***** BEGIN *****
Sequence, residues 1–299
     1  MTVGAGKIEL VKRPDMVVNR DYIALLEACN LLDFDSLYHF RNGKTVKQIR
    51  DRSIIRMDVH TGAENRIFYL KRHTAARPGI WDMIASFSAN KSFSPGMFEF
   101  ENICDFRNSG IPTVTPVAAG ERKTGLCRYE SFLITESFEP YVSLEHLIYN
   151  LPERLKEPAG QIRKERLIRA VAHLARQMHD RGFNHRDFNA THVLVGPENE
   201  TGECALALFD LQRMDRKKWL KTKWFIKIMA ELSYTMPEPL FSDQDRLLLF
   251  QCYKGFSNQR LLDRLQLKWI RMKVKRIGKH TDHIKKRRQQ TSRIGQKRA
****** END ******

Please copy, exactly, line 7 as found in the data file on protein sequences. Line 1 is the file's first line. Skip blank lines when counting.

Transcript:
   251  QCYKGFSNQR LLDRLQLKWI RMKVKRIGKH TDHIKKRRQQ TSRIGQKRA